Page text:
Plaintiff Baker contends that production of gas on seven of the units, or any of them, during and continuing to the end of the
primary term of the instrument, operated to perpetuate and extend his interest as to the 680 acres on which there was no development or production until after the expiration of the primary term, and he claims ownership of one-fourth of the gas royalties from that acreage.
Defendants Youngren deny plaintiff’s claim and contend that as to the 680 acres plaintiff’s rights were extinguished by the fact that no development or production was had on that acreage during the twenty-year primary term.
There appears to be no doubt but that the trial court (as indicated by its written memorandum which is set out in our former opinion) confused the issues and made difficult a relatively simple question. This court fell into the same error, which, we believe, came about because of an erroneous analysis of the instrument involved, and improper consideration of language contained, or assumed to be contained, in the Mangels leases existing when the instrument was executed, and language contained in subsequently executed leases and unitization agreements.
Although denominated as “Sale of Oil and Gas Royalty,” the instrument in question is a mineral deed. In Wilson v. Holm, 164 Kan. 229, 188 P.2d 899, it was said:
“Before consideration of controverted issues it should be stated that in this state a deed, conveying oil and gas in place for a fixed term of years and so long thereafter as either or both are produced in paying quantities, creates a base or determinable fee and that title to the estate so created vests immediately upon the execution and delivery of such an instrument but remains defeasible in the event of cessation of production (Richards v. Shearer, 145 Kan. 88, 91, 92, 64 P.2d 56).” (p. 234.)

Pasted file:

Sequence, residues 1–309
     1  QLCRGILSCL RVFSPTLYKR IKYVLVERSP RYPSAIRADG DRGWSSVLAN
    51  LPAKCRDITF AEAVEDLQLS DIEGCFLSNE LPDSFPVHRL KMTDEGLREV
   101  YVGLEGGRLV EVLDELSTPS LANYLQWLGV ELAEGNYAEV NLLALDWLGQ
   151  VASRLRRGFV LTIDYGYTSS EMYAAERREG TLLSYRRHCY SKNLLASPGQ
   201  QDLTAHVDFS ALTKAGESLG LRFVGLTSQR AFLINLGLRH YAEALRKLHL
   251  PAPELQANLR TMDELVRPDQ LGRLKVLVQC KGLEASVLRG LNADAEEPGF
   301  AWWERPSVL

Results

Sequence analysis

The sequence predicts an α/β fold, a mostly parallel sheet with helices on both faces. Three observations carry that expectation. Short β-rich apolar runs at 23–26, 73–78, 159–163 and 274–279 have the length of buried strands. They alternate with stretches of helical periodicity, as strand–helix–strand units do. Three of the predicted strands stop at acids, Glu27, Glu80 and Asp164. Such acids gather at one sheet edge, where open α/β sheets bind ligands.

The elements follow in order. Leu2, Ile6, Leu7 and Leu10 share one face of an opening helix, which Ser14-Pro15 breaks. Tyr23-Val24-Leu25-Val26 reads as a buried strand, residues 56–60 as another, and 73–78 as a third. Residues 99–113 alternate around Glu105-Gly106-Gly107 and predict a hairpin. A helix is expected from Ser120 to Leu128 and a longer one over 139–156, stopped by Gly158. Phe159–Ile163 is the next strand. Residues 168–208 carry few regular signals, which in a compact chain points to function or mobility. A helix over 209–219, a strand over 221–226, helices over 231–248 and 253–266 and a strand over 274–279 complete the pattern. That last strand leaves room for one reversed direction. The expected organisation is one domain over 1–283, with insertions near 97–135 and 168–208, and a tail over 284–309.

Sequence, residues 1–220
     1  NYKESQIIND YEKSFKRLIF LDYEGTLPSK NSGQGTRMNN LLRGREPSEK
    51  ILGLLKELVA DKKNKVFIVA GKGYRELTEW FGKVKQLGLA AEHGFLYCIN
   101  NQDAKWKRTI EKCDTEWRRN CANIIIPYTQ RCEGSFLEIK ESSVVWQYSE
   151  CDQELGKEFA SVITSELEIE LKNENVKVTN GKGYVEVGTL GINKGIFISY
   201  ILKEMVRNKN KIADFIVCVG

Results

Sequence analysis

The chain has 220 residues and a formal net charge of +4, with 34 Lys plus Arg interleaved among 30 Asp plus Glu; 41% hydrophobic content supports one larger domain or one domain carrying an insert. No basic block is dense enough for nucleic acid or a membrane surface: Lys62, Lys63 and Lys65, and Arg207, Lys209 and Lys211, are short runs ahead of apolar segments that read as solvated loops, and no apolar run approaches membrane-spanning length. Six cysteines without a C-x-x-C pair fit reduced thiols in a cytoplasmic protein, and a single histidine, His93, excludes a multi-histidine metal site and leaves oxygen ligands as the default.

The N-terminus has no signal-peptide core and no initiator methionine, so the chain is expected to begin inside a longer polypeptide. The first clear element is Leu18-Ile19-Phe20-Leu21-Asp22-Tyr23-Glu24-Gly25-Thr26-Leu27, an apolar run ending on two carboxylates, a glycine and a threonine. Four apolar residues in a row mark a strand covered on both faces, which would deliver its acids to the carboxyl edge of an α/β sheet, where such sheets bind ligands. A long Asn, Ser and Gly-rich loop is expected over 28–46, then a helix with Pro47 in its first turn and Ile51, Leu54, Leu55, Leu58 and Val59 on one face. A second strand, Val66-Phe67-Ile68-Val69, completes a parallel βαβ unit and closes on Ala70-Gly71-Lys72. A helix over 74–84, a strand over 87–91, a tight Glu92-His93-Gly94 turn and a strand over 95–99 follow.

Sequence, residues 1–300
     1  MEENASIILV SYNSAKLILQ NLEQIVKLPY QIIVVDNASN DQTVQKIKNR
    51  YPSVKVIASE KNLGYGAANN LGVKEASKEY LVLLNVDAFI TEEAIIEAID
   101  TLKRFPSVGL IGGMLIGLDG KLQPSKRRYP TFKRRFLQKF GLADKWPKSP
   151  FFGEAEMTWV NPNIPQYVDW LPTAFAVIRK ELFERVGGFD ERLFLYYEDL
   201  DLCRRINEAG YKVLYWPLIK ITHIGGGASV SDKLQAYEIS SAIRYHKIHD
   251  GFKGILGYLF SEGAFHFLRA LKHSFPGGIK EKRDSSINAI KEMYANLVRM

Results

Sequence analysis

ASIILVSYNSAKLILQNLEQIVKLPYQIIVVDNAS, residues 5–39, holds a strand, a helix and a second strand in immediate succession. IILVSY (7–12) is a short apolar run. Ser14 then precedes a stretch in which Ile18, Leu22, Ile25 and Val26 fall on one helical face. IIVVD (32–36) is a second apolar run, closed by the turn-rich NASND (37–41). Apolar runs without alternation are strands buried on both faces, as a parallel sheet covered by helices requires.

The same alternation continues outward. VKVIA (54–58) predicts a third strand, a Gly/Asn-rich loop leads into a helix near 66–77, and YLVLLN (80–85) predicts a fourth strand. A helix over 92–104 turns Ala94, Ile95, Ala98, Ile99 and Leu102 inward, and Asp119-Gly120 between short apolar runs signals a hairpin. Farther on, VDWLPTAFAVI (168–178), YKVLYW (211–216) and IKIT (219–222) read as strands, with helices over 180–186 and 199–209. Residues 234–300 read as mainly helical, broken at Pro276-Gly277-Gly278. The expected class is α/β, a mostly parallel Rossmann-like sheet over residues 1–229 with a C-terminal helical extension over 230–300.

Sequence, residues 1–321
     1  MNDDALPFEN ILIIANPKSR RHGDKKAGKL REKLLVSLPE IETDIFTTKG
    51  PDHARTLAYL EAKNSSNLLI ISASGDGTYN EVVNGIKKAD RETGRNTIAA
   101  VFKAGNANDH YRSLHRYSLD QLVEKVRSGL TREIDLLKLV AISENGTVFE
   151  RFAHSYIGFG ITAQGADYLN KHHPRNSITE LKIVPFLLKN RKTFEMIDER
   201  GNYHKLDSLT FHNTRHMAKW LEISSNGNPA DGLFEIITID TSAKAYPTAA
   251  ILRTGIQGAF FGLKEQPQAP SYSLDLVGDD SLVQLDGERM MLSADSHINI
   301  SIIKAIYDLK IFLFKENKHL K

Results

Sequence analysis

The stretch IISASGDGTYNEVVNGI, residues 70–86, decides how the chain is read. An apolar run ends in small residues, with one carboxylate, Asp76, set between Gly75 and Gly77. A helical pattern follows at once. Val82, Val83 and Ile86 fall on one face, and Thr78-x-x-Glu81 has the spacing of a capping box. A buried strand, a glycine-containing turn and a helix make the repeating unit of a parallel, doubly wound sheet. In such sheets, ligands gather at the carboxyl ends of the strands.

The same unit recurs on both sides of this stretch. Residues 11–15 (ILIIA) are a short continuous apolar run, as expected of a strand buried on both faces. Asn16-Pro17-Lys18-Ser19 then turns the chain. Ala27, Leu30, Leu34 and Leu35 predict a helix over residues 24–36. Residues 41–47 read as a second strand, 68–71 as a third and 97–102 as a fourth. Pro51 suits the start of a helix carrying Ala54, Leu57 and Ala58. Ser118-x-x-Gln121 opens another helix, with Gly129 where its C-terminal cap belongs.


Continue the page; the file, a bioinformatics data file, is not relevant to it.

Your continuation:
See also Fry v. Dewees, 151 Kan. 488, 491, 492, 99 P.2d 844.
The instrument grants a base or determinable fee in the oil, gas and other minerals in place in the 3,630 acres described therein. The grant is for a term of twenty years and as long thereafter as oil, gas, or either of them, are being produced from said land. The words “said land” refer to the 3,630 acres described in the granting clause. Production on any part, of that acreage was production from said land, the legal effect of which was that the mineral interest was perpetuated and extended as to the entire acreage. (Cowman v. Phillips Petroleum Co., 142 Kan. 762, 51 P.2d 988, and Wilson v. Holm, supra, at page 237.)
It follows that plaintiff Baker’s interest as to the 680 acres, upon which there was no production during the primary term, was continued
and perpetuated by virtue of production had upon the 2,950 acres during the primary term, and he is entitled to receive one-fourth of the gas royalties from the 680 acres.
When this appeal was reargued counsel for plaintiff Baker stated that in view of the “circumstances” no claim was being made for interest on the funds paid into court by defendant production company. In view of that concession none is to be allowed.
The judgment of the trial court is therefore reversed with directions to enter judgment in favor of plaintiff Baker in harmony with what has been said in this opinion.